Got two cool comments on my gun tax plan.  The one that was intriguing, from KA, suggested that because guns are durable, the tax would not reduce the number of guns very quickly if at all.  Quite so.  Good insight.  But my tough was less geared toward reducing guns than in closing the 'feedback loop.'  Just as the cost of cigarettes now reflects the long term affect of smoking, and has effectively reduced the rate of smoking among young people especially, so a sales tax on guns at the point of sale might reduce impulse buying.

For me, the connection between a right and the responsibility to use that right wisely is what is missing.  Free speech is good, but some speech is destructive, whether it be Westboro Baptist funeral stalking or anonymous corporate political advertising.  Make the consequences of using rights as visible as the rights themselves, is all I am saying.

Now, let's add another thought.  If gun ownership is a right along with other rights, then should our rights be equally accessible?  That is, should some rights be harder to exercise than others?  The Young Turks have asked this question.  Here is the video link:


What if some bold politician (Politicians like being bold, you see.  Courageous and honest not so much) introduced legislation requiring that the limits on voting and gun ownership be the same?  If free access to guns is a rights then why not voting?  And if voting fraud is a problem, then why not gun ownership fraud (such as felons)?  

I find this a fun thought experiment because it makes us ponder whether some rights are more valuable or risky than others?  What do you think?  If the rules were the same we would either have more guns and more voters, or fewer guns and fewer voters.  

This makes my head hurt.  Good.

10 August 2012

A Man, A Plan, A Tax–Genius!

So I’m reading Guns, Butter and Then Some - NYTimes.com and for some reason my mind wanders to a long dormant fact:

Cigarettes cost way more than they used to.  One reason I quit back in 1982 was that the price went above $1 a pack.  Today they are often $4 or more.  And the result of raisin those taxes has been to reduce the percentage of people who smoke.  It has become financially challenging.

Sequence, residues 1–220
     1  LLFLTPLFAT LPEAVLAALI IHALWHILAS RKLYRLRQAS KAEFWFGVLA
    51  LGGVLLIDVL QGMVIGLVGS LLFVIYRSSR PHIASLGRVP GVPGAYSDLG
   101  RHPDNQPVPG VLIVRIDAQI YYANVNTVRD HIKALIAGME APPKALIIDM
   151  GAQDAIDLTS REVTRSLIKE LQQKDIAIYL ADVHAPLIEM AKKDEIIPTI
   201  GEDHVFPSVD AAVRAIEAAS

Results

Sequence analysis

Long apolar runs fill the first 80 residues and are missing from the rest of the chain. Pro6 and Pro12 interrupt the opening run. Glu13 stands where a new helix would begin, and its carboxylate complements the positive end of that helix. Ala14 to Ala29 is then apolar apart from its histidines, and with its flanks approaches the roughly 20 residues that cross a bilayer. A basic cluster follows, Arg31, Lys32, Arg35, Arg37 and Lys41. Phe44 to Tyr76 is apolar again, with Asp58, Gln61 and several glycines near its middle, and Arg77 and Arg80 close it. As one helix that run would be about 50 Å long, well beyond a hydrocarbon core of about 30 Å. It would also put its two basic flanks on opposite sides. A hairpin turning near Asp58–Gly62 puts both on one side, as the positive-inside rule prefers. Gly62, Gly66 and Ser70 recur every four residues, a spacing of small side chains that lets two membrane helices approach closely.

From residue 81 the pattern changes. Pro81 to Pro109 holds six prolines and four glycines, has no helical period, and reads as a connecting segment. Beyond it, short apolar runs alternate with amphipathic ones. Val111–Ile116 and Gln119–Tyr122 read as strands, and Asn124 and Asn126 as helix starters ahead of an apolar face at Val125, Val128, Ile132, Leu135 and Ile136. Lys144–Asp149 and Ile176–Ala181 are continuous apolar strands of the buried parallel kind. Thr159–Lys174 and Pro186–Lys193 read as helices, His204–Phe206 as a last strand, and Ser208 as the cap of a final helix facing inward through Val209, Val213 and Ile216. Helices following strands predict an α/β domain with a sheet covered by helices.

One reason states and the feds raised the taxes was to address the costs of tobacco use.  They use the money (ostensibly) to educate against smoking, especially directed and children and youth, and to compensate the state for the societal costs of smoking.

Then I wondered, what would happen if we were to tax guns.  And what if that tax was based on the cost of gun violence overall?  Let’s take a look.  Here is a chart (from the National Shooting Sports Foundation:

Note that in 2011 10.8 millions guns were purchased in the US. But let’s use 2002, 7 million, because it is closer to the next data point, the health cost of guns.  According to JAMA, in a 1999 article reporting on 1994 data, the medical cost of gun violence in 1994 was $2.3 billion. Leaving aside collateral costs because they are harder to quantify, these two figures tell me that each gun bought costs ad additional $328.50.

What if every gun were to be taxed an equal share of the medical cost of gun violence the previous year?  That money would be set aside just to pay that, btw, because even if you are shot by a criminal you pay the hospital bill (or mortician). 

Not only would that tax made guns more expensive, discouraging both impulse purchases and hoarding, it would make those who buy the guns pay for the cost of misusing them.

But wait, says the NRA, why should law abiding gun owners pay for bad apples?  For the same reason that good drivers pay insurance premiums based on how badly a few drive.  Owning a gun or a car has consequences, as bearing your share of those consequences is part of being a grown up.

I think this is an inspired idea.  Tax guns, not to control them but to make the cost of misusing them the price gun owners and users bear instead of those wounded and killed and then presented with the bill as well.  If you’re hurt by a gun, the gun owners of America will make it right.